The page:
“Every mall has the same brands. This creates mall and brand fatigue. There should be a better mix of new brands, products and merchandise,” he said, adding that there were too few local brands in hypermarkets.

“There aren’t enough Malaysian brands in a conventional mall. All it takes is a sense of adventure and a little bit of skill.

“Alternatively, they can always outsource if they lack the skill.” Soo said.

By The Star

Mustapha Kamal-related company buys land from MK for RM150m

PETALING JAYA: Property developer Tan Sri Mustapha Kamal Abu Bakar’s company Ketara Megah Development Sdn Bhd has acquired 23 acres of land in Selangor from MK Land Holding Bhd for RM150mil.

Ketara Megah had acquired the two parcels of leasehold land in Sungai Buloh in an open tender exercise from MK Land, of which Mustapha Kamal is chairman and chief executive director.

MK Land said in a statement on Tuesday the sale consideration of RM150mil was in excess of the forced sale value of RM118.35mil indicated in the valuation by PPC International Sdn Bhd.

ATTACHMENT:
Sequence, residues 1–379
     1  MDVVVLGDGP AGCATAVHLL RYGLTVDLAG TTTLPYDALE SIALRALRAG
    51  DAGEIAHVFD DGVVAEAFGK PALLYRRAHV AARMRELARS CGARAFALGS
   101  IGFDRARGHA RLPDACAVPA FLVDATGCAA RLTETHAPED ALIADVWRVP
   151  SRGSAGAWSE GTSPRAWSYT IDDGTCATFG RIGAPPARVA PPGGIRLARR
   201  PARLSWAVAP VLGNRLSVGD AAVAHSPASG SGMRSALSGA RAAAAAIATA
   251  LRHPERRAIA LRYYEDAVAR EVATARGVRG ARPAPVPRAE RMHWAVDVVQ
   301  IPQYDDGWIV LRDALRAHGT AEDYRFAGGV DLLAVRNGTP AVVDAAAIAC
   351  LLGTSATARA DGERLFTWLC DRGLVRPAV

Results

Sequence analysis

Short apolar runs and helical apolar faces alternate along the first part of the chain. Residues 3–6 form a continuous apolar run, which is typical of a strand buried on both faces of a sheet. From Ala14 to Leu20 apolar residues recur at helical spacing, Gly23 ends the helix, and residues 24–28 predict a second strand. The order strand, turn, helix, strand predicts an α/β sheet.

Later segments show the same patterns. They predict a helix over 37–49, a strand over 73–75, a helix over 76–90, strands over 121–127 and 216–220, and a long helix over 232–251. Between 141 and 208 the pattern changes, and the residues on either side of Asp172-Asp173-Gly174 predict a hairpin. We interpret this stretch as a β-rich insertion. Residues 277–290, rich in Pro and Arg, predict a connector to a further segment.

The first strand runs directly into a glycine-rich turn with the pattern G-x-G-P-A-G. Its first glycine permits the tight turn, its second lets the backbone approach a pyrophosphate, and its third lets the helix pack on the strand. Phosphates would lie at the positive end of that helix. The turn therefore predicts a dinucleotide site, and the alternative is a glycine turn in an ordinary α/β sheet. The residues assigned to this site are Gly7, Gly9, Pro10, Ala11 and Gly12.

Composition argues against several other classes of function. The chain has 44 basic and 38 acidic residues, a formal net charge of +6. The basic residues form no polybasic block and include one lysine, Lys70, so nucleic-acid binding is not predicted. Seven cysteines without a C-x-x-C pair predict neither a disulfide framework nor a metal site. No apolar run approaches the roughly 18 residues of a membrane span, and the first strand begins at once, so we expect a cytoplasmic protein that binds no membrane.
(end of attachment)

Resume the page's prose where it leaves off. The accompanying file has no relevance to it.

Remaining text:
At the close of the tender exercise on Dec 15 last year, only one tender was received, which was Ketara Megah.

The land was originally acquired by MK Land’s unit Saujana Triangle Sdn Bhd in 1995 for RM3.72mil. As at June 30 last year, the book value was RM151.9mil due to the fair value adjustments, said MK Land.

“The entire proceeds from the proposed sale will be used for working capital,” it said. It added the proposed sale would unlock the value of land which MK Land had no immediate plan to develop.

MK Land said the proposed sale was by open tender and the transaction was not regarded as a related party transaction under the Bursa Malaysia Securities’ listing rules.

By The Star